Of the materials that could be diverted, 14 percent was clothing, toys and house wares, which could be donated or repurposed, 4 percent was compostable food waste, such as vegetables and coffee grounds, and 2 percent was better disposed of at an electronics recycling center. A remaining 108 pounds, or 37 percent, could have been recycled through single-stream, curb-side service. (Single-stream recyclable materials include plastics 1-7, cardboard, mixed paper, aluminum and metals, and glass bottles and jars. Trash haulers in Colorado Springs currently provide this service for a few extra dollars per month.) Even more materials would have been recyclable with a few simple steps, such as rinsing food containers or preventing paper from becoming contaminated with liquids.
The Recycling Coalition of Colorado Springs' audit goals were to educate Eco-Festival attendees while gaining preliminary data for the extent of resources currently being buried in regional landfills. This audit was the launch of a larger statistical effort, which will cover the span of a year, examine trash from multiple haulers, and cross several seasons.
Recycling coalition volunteers hailed from the University of Colorado at Colorado Springs, Sierra Club, El Paso County, City of Colorado Springs and Fort Carson. (To address customer security concerns, volunteers were monitored and signed an affidavit of confidentiality.)
Did you know?
· According to the most recent 2007 data, El Paso County residents recycled significantly less paper (67.8 pounds per person, per year) than the average Coloradan (119.7 pounds per person, per year), 2009 Pikes Peak United Way Quality of Life Indicators Report.
· Recycling conserves natural resources and energy. In fact, energy savings resulting from recycling in Colorado during 2008 totaled approximately 35 trillion BTUs. That?s equivalent to removing nearly 350,000 average homes off the grid (2009 Annual Report to the Colorado General Assembly on the Status of the Solid Waste and Material Management Program in Colorado.)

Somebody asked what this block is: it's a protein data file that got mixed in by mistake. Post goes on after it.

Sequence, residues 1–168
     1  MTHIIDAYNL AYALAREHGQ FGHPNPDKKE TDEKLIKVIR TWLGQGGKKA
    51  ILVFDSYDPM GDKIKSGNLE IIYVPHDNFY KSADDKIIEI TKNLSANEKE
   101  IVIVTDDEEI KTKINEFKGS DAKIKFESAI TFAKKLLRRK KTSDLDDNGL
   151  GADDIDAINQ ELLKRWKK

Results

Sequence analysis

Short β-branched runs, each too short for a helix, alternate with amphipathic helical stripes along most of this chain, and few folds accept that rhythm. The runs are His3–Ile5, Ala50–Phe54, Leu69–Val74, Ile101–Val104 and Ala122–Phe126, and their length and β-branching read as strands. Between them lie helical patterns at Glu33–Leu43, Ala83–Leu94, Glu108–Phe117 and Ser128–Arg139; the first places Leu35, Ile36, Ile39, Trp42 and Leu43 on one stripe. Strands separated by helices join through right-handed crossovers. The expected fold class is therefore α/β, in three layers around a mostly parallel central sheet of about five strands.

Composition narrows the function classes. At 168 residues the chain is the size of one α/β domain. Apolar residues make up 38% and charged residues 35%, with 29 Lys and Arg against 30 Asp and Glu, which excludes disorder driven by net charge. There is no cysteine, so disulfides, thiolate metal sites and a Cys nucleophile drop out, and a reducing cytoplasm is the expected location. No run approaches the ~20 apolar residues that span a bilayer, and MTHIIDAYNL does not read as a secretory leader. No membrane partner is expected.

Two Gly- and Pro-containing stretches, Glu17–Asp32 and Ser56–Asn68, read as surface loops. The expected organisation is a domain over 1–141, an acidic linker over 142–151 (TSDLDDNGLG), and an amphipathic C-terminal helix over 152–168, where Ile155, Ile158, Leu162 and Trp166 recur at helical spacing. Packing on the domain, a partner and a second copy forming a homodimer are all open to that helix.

· Trash and recycling providers in Colorado Springs, and some outlying areas, now offer single-stream (no sorting required), curb-side residential recycling. Although it currently costs a few bucks per month more, ordering it is generally a simple matter of calling your current trash provider. (Tip: to stay cost-neutral ask about getting your trash picked up less often.)
· According to the Colorado Association for Recycling and Environmental Protection Agency, the most effective way to increase recycling is a community-wide ?pay-as-you-throw? program that typically embeds the cost for recycling into basic trash service and then charges residents for trash collection based on how much they throw away. Fort Collins is a Colorado community where private trash providers operate using this type of system.
· Currently, Colorado Springs single-stream recycled materials are taken to Denver for sorting. A sorting facility in the Pikes Peak region could serve all of southeastern Colorado and create new jobs in our communities.
· The items most often recycled in our community that shouldn?t be are Styrofoam and plastic bags (even if they have a recycle symbol on them).
· As good as it is to recycle, individuals can have an even greater positive impact on the environment by reducing and reusing materials in the first place. However, El Paso County residents are generating more waste each year, growing over the last few years to an average of 6.48 pounds per person, per day (2009 Pikes Peak United Way Quality of Life Indicators Report). The national average is just 4.6 pounds of trash per person, per day. (U.S. EPA document ?MSW Generation, Recycling, and Disposal in the United States: Facts and Figures for 2007?).